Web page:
Where Toronto demonstrates leadership is with the trail network. In absolute trail kilometres, Toronto leads among the four cities measured here (Toronto, Hamilton, Montreal, and Chicago). Against Chicago, one of Toronto’s most similar American neighbours, Toronto demonstrates a more robust network of off-street trails as well as shared cycling routes but has installed less than half the length of bike lanes and cycle tracks. Though Toronto performs better than nearby Hamilton in absolute numbers, Hamilton outperforms all of the cities here when it comes to per capita infrastructure.
City Council endorsed in principle the Ten-Year Cycling Network Plan capital program in 2016. Individual projects in the Ten-Year Cycling Network Plan still require Council approval. Before presenting the project to Council, City staff will undertake feasibility analyses, conduct public consultations, and prepare reports, including bylaw amendments.
Network Status (as of May 2018) – 587 km On-Street + 330 km Multi-Use Trails
In 2018, construction of cycling infrastructure has committed funding from all three levels of government:
There are 18 Cycling projects planned in 2019, subject to design feasibility, public consultation, approvals, and capital coordination.
The TTC, with the City of Toronto and Federal Government support are installing more than 1,400 more bicycle parking spaces at 40 TTC stations across the City by the end of 2019. New Bike Stations (secure bike parking) at City Hall and Finch West station will open by the end of this year, with 175 and 80 long-term spaces respectively.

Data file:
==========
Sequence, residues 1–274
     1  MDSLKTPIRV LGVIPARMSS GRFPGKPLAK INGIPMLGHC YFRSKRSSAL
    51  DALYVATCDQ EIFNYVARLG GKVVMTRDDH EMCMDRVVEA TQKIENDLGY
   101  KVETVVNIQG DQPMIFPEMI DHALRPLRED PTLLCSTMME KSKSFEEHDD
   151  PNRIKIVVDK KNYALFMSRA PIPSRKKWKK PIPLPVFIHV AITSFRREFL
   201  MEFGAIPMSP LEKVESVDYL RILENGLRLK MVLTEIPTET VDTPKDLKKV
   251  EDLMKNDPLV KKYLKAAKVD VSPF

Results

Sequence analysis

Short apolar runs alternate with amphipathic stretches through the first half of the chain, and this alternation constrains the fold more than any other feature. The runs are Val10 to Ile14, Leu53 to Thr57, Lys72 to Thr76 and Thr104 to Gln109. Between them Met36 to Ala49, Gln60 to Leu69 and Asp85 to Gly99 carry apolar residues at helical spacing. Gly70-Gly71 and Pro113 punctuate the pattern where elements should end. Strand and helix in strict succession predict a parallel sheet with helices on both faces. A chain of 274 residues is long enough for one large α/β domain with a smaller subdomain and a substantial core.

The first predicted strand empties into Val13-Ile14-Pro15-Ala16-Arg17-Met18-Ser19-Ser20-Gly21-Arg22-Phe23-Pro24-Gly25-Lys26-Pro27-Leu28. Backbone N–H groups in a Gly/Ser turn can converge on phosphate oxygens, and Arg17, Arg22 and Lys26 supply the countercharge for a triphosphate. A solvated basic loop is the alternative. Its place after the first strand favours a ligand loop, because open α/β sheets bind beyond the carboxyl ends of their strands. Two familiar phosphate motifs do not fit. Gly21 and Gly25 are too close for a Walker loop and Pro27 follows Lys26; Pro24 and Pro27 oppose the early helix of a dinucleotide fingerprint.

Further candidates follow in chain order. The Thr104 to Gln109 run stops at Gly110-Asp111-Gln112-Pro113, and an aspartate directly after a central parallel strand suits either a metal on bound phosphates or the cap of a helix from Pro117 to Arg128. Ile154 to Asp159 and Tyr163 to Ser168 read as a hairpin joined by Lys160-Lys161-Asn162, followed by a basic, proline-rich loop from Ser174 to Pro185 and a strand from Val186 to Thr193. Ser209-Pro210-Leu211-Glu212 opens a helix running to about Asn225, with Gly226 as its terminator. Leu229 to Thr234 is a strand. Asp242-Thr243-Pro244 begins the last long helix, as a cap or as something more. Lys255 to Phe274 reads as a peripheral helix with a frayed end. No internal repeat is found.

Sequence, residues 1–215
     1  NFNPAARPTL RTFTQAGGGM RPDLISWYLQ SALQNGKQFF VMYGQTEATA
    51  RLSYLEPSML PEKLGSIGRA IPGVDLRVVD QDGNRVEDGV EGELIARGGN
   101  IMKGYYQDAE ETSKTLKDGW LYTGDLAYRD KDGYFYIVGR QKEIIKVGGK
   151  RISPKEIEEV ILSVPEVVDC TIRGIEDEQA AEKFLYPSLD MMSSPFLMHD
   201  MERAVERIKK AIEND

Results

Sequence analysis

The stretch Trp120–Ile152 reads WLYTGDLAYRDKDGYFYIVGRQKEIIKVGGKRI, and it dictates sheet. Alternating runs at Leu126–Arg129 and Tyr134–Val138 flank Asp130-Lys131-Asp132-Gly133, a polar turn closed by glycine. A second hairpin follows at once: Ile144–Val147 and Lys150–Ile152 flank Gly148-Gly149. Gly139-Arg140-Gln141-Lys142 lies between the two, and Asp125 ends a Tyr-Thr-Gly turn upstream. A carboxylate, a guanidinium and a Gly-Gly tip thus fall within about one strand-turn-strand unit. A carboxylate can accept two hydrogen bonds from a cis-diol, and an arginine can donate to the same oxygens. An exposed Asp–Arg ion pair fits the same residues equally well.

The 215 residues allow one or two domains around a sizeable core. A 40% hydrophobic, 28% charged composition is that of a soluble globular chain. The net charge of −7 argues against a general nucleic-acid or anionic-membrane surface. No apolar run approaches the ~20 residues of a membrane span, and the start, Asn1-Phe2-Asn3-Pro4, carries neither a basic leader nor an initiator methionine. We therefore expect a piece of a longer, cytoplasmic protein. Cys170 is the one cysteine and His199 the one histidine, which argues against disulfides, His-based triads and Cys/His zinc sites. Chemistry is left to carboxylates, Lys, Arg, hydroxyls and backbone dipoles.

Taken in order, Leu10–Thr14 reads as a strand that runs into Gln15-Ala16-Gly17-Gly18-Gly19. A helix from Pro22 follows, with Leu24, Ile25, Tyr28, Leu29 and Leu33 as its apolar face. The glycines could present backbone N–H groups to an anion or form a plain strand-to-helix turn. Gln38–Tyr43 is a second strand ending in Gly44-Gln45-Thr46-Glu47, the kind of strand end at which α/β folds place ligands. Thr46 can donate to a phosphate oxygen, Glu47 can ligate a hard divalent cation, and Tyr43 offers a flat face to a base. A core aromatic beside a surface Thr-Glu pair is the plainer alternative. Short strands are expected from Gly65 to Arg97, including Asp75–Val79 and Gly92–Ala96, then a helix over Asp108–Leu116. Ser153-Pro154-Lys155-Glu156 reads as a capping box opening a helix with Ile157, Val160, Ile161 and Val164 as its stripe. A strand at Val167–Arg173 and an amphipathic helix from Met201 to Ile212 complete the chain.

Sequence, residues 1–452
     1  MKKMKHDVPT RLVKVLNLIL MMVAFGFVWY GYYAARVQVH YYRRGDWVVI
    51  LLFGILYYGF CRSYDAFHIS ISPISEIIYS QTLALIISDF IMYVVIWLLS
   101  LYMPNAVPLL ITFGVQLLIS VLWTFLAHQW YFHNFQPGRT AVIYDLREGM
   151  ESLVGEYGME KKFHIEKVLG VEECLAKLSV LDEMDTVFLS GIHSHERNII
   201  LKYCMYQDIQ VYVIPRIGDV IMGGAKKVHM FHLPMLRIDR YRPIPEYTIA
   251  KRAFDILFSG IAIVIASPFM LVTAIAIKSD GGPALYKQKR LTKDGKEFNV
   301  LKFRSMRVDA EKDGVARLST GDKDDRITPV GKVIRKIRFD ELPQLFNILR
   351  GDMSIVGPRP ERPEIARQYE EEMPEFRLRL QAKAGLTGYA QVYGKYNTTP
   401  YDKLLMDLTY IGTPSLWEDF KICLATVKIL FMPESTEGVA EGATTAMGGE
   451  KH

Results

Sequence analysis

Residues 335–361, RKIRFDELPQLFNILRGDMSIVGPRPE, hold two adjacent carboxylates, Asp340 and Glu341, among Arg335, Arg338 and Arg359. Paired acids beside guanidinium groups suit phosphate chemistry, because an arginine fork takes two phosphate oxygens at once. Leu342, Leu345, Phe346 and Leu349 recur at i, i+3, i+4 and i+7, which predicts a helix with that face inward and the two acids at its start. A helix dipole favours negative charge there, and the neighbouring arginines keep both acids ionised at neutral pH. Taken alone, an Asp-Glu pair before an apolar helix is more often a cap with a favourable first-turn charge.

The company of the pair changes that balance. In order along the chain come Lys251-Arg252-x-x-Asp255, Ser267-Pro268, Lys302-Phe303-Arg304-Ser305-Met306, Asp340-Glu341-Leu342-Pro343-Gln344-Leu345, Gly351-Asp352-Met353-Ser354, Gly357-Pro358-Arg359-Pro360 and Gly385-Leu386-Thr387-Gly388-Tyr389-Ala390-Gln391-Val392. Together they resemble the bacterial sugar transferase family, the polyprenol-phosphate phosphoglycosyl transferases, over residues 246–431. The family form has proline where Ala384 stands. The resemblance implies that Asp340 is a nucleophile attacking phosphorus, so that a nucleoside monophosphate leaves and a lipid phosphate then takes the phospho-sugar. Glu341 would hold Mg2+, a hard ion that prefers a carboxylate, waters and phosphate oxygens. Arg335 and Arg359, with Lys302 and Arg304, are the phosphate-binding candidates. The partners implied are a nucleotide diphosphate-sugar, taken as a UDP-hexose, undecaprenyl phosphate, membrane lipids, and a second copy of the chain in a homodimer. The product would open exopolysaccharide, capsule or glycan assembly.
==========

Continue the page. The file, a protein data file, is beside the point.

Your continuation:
Bike Share Toronto, operated by the Toronto Parking Authority, is expanding by an additional 90 stations this year to a system total of 360 stations, with 3,750 bikes, and 6,200 docking points.
|December 2017||The Government of Ontario awarded funding for specific cycling projects through the Ontario Municipal Commuter Cycling program|
|December 2016||The Government of Canada awarded funding for specific cycling projects through the Public Transit Infrastructure Fund Phase 1|
|June 2016||City Council adopted the Ten Year Cycling Network Plan|